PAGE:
Behavioural Modification

Behavioural Modification is a therapeutic and treatment approach designed to change a undesirable negative behaviour. By using a system of positive or negative consequences, an individual learns the correct set of responses for any given stimulus.

Classical Conditioning is a type of learning where a natural. involuntary response (e.g. - salivation) is elicited by a conditioned (or sometimes called learned) stimulus (e.g. - a bell) that previously was presented in conjunction with an unconditioned stimulus (e.g. - food). The classic example is of Pavlov conditioning his dogs to salivate upon hearing a bell ringing. Typically, classical conditioning elicits involuntary responses.

Operant conditioning is a type of learning where a specific action is elicited because it produces a punishment or reward. Operant conditioning was first described by behavioural scientist B.F. Skinner. In contrast to classical conditioning, operant conditioning usually elicits voluntary responses.

Skinner Operant Conditioning

Increase behavior Decrease behavior
Add stimulus Positive reinforcement Positive punishment
Take away stimulus Negative reinforcement Negative punishment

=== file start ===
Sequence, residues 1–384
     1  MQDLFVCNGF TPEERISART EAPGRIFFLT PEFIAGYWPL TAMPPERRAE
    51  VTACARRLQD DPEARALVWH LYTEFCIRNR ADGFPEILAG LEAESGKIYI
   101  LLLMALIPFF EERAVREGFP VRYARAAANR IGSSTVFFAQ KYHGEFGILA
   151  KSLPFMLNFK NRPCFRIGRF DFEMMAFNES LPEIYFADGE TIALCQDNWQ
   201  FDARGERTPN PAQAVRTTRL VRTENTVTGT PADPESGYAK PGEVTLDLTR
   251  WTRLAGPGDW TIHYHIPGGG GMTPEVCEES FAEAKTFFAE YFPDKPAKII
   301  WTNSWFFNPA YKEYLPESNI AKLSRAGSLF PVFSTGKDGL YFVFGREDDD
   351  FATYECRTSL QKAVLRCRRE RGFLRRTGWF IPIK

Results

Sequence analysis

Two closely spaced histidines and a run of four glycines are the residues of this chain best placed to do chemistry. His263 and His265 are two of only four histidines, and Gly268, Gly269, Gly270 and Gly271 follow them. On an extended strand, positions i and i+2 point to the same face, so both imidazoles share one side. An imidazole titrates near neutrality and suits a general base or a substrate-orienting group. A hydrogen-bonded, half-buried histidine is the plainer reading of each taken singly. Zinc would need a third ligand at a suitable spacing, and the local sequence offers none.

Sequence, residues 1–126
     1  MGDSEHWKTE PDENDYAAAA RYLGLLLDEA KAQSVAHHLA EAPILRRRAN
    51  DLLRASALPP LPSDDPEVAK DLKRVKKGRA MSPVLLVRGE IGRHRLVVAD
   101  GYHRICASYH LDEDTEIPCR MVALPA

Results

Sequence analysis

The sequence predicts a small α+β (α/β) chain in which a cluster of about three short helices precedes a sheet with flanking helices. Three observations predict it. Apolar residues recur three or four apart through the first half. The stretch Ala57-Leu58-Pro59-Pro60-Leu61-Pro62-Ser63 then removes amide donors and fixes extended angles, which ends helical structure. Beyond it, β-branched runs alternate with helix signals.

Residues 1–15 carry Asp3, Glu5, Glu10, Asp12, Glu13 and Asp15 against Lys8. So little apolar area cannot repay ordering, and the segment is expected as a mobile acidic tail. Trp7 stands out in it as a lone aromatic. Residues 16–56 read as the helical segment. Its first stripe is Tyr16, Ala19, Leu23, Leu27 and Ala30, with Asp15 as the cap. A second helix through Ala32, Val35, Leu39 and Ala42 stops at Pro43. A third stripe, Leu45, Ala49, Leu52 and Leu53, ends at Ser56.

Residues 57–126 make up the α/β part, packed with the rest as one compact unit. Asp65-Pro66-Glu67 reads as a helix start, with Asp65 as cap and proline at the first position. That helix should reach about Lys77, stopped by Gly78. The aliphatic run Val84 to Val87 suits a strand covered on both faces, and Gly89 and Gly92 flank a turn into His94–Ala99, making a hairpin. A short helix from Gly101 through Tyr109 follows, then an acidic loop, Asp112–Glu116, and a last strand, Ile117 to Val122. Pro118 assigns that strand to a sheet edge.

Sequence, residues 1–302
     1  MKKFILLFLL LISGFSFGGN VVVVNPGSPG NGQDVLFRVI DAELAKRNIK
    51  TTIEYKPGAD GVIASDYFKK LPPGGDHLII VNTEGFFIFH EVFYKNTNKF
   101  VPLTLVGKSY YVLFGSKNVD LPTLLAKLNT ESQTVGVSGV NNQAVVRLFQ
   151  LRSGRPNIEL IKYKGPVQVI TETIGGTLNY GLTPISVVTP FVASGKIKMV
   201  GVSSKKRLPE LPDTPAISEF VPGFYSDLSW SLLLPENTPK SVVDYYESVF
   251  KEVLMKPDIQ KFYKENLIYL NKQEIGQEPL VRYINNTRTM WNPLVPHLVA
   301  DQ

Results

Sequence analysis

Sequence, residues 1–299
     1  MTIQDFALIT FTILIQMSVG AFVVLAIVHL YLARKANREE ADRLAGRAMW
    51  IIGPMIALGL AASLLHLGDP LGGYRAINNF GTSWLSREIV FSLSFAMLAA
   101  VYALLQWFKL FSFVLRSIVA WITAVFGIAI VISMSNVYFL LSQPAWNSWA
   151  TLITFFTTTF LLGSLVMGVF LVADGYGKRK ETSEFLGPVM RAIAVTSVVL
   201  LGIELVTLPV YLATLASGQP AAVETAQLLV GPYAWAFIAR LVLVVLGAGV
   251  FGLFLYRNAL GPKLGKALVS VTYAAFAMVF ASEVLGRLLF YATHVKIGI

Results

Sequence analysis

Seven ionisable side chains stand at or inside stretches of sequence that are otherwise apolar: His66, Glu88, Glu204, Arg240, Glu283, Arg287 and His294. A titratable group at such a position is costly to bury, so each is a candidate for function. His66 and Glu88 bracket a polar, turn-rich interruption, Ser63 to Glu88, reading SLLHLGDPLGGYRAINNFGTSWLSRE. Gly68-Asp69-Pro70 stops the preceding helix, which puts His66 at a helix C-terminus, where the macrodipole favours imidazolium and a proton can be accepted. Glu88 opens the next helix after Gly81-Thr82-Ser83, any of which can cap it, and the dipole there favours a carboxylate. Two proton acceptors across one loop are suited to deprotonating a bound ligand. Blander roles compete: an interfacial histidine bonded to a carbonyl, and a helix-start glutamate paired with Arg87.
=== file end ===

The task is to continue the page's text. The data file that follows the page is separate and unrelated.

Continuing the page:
Always remember: the goal of reinforcement is to cause an increase in a behaviour (e.g. - you want a child to do more dishes).


Action Reinforcement
Positive Reinforcement Child does dishes You encourage/praise the child (positive stimulus)
Negative Reinforcement Child does dishes to avoid nagging by mother Mother's nagging goes away (takes away an adverse/negative stimulus)

Always remember: the goal of punishment is to cause a decrease in a behaviour (e.g. - you want a child to stop bullying others).


Action Negative Punishment
Positive Punishment Child bullies another child You reprimand the child (negative stimulus)
Negative Punishment Child bullies another child You take away the child's toy (reinforcing stimulus removed)

Extinction is the discontinuation of reinforcement (either positive or negative), which eventually eliminates a behaviour. This can occur in both operant or classical conditioning.